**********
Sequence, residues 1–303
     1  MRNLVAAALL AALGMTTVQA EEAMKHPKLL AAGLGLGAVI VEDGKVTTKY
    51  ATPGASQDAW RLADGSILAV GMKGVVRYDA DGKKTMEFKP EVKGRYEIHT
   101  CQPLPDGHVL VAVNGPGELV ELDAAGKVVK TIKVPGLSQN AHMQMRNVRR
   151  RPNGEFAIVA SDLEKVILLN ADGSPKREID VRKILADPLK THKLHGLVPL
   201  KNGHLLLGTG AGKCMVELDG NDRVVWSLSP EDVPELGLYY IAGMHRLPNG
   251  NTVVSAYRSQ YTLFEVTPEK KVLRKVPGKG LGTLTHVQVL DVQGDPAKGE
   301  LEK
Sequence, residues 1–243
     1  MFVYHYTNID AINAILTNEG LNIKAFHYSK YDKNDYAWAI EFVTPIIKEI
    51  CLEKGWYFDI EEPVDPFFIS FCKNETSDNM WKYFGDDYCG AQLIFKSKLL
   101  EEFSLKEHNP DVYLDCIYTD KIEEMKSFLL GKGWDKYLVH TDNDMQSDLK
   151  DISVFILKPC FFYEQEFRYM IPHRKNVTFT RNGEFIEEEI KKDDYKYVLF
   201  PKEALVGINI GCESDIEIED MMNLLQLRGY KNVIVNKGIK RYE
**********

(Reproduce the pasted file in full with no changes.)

Sequence, residues 1–303
     1  MRNLVAAALL AALGMTTVQA EEAMKHPKLL AAGLGLGAVI VEDGKVTTKY
    51  ATPGASQDAW RLADGSILAV GMKGVVRYDA DGKKTMEFKP EVKGRYEIHT
   101  CQPLPDGHVL VAVNGPGELV ELDAAGKVVK TIKVPGLSQN AHMQMRNVRR
   151  RPNGEFAIVA SDLEKVILLN ADGSPKREID VRKILADPLK THKLHGLVPL
   201  KNGHLLLGTG AGKCMVELDG NDRVVWSLSP EDVPELGLYY IAGMHRLPNG
   251  NTVVSAYRSQ YTLFEVTPEK KVLRKVPGKG LGTLTHVQVL DVQGDPAKGE
   301  LEK
Sequence, residues 1–243
     1  MFVYHYTNID AINAILTNEG LNIKAFHYSK YDKNDYAWAI EFVTPIIKEI
    51  CLEKGWYFDI EEPVDPFFIS FCKNETSDNM WKYFGDDYCG AQLIFKSKLL
   101  EEFSLKEHNP DVYLDCIYTD KIEEMKSFLL GKGWDKYLVH TDNDMQSDLK
   151  DISVFILKPC FFYEQEFRYM IPHRKNVTFT RNGEFIEEEI KKDDYKYVLF
   201  PKEALVGINI GCESDIEIED MMNLLQLRGY KNVIVNKGIK RYE